Listed Building

The only legal part of the listing is the address/name of site. Addresses and building names may have changed since the date of listing – see ‘About Listed Buildings’ below for more information.


Status: Designated


There are no additional online documents for this record.


Date Added
Local Authority
Planning Authority
NO 47408 4408
347408, 704408


Large mansion house, comprising

(a) Original Z-plan tower house dated 1595, incorporates

tower of earlier date, 4-storey rubble-built vaulted ground

floor, 1st floor hall (off library) has rich 17th plaster

ceiling enclosing original painted one, rich renaissance

panelling of 1622 from Rubens House in Antwerp installed by

Sir Coutts Lindsay; considerably altered.

(b) South-west section, William Burn 1838, Scots Jacobean,

2-storey and basement, pilastered porch with scrolled

pediment and 3 bay windows on north, 2 large bay windows (one

is Georgian bow refaced as bay) and angle turrets on south;

whin rubble, freestone dressings, crowstepped gables,

pedimented dormer heads; fine interior work, good Jacobean


(c) North-east section of main block, David Bryce dated 1863,

2-storey and attic, corbelled corner bay angle turrets

advanced north wing, whin rubble freestone dressings,

crowstepped gables and dormer heads.

(d) Front railed screen and entrance gates, D Bryce 1860s.

Stone piers with ball finials, 2 pairs wrought iron gates of

17th century Italian workmanship from Coire (Chur)


(e) Dower House. Late 17th/early 18th century. L-plan,

originally 3-storey, now reduced to 2 and interior

modernised. Plain whin rubble and slate, freestone dressings.

(f) Outbuildings; various dates in 19th century, 1/2 storey, incorporating above.

Statement of Special Interest

For 17th century ceiling and panelling of Old Library.



OSA v IX p 295

NSA v IX p 326

Inv 312

Information provided by the Earl of Crawford and Balcarres

Plans, Balcarres estate office, Rylands Library Manchester

and RIBA Library Drawings, Coll (1834).

Engraving in Scots Magazine September 1811 shows state prior

to additions: several pre 1838 views in house.

Country Life August 9 1902 article and illustration.

About Listed Buildings

Historic Environment Scotland is responsible for designating sites and places at the national level. These designations are Scheduled monuments, Listed buildings, Inventory of gardens and designed landscapes and Inventory of historic battlefields.

We make recommendations to the Scottish Government about historic marine protected areas, and the Scottish Ministers decide whether to designate.

Listing is the process that identifies, designates and provides statutory protection for buildings of special architectural or historic interest as set out in the Planning (Listed Buildings and Conservation Areas) (Scotland) Act 1997.

We list buildings which are found to be of special architectural or historic interest using the selection guidance published in Designation Policy and Selection Guidance (2019)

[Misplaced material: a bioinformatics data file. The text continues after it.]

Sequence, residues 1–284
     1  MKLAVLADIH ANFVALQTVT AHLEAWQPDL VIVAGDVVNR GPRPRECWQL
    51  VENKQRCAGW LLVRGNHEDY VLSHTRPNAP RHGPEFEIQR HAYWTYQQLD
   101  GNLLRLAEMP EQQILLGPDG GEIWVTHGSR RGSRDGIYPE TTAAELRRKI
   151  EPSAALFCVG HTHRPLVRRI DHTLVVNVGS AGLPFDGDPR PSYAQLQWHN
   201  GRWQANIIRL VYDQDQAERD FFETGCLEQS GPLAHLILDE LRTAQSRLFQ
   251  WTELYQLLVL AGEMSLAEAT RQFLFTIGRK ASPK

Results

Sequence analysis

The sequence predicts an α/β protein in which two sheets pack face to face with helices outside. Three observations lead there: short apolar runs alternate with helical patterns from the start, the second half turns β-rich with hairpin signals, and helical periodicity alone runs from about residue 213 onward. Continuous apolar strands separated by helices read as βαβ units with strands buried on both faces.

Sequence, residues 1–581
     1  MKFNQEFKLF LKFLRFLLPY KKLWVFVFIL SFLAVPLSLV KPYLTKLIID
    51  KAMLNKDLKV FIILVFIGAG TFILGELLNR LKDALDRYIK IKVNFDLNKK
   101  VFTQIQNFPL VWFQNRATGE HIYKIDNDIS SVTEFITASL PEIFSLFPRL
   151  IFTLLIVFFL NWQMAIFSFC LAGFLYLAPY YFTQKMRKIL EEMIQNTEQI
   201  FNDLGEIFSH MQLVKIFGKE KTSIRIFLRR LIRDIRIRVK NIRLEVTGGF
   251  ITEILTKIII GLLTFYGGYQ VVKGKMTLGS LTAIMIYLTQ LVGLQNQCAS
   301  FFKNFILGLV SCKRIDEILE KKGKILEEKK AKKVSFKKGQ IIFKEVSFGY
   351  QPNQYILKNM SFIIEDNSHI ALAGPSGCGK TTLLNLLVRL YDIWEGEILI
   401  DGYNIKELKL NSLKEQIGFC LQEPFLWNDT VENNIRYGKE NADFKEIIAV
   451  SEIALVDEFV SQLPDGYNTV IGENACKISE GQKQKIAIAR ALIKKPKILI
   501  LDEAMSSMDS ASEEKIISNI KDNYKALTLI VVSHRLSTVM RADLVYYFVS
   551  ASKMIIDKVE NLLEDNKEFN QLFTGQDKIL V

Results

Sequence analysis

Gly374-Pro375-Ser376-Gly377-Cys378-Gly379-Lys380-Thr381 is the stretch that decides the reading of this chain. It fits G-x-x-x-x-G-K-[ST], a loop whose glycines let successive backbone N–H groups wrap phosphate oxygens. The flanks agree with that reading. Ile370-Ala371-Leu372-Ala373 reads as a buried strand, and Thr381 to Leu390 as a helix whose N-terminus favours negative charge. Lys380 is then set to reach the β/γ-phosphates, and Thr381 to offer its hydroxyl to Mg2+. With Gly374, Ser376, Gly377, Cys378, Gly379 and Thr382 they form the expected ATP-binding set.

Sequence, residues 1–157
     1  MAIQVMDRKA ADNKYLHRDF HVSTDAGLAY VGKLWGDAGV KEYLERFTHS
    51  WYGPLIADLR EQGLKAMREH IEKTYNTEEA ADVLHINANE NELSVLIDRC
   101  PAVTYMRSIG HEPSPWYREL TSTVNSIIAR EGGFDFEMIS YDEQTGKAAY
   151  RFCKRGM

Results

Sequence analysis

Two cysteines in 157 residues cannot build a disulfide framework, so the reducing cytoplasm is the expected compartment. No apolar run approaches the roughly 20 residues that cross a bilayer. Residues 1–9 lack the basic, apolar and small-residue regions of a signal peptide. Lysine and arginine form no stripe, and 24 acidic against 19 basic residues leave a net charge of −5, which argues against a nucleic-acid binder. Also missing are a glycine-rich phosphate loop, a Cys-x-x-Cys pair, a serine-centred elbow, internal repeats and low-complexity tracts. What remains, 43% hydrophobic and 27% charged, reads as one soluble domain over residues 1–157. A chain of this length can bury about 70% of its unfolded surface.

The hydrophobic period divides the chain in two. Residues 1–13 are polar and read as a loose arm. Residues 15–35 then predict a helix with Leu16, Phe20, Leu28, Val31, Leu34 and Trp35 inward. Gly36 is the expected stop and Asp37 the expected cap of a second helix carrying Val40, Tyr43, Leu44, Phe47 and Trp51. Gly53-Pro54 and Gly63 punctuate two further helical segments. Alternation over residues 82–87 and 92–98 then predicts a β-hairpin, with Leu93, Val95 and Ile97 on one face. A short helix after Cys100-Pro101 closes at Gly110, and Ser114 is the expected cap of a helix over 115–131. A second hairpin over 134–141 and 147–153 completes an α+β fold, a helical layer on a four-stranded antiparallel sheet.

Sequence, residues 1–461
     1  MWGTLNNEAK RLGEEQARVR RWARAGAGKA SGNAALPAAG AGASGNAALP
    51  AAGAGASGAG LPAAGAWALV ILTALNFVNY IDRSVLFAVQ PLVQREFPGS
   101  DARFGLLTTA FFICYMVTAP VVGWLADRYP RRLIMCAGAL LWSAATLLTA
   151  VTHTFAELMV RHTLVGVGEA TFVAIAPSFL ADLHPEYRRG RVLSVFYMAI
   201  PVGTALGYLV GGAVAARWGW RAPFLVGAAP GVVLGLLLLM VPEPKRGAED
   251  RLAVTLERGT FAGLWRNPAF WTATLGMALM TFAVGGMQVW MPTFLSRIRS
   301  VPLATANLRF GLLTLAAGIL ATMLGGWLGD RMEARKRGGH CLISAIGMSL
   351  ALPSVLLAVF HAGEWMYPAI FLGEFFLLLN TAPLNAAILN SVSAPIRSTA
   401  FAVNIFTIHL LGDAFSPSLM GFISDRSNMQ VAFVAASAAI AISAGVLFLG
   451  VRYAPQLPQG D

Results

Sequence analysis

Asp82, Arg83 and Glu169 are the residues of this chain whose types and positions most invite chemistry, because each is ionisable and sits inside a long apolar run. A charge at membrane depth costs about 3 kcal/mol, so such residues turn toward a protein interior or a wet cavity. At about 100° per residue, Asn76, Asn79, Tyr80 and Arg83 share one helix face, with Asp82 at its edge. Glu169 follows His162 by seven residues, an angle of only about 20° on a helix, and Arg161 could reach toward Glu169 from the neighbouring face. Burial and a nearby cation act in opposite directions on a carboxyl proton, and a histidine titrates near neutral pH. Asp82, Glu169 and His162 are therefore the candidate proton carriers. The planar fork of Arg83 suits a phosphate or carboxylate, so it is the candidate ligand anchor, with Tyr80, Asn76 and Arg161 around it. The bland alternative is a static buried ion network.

Listed building records provide an indication of the special architectural or historic interest of the listed building which has been identified by its statutory address. The description and additional information provided are supplementary and have no legal weight.

These records are not definitive historical accounts or a complete description of the building(s). If part of a building is not described it does not mean it is not listed. The format of the listed building record has changed over time. Earlier records may be brief and some information will not have been recorded.

The legal part of the listing is the address/name of site which is known as the statutory address. Addresses and building names may have changed since the date of listing. Even if a number or name is missing from a listing address it will still be listed. Listing covers both the exterior and the interior and any object or structure fixed to the building. Listing also applies to buildings or structures not physically attached but which are part of the curtilage (or land) of the listed building as long as they were erected before 1 July 1948.

While Historic Environment Scotland is responsible for designating listed buildings, the planning authority is responsible for determining what is covered by the listing, including what is listed through curtilage. However, for listed buildings designated or for listings amended from 1 October 2015, legal exclusions to the listing may apply.

If part of a building is not listed, it will say that it is excluded in the statutory address and in the statement of special interest in the listed building record. The statement will use the word 'excluding' and quote the relevant section of the 1997 Act. Some earlier listed building records may use the word 'excluding', but if the Act is not quoted, the record has not been revised to reflect subsequent legislation.

Listed building consent is required for changes to a listed building which affect its character as a building of special architectural or historic interest. The relevant planning authority is the point of contact for applications for listed building consent.

Find out more about listing and our other designations at You can contact us on 0131 668 8914 or at


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Printed: 29/05/2020 01:53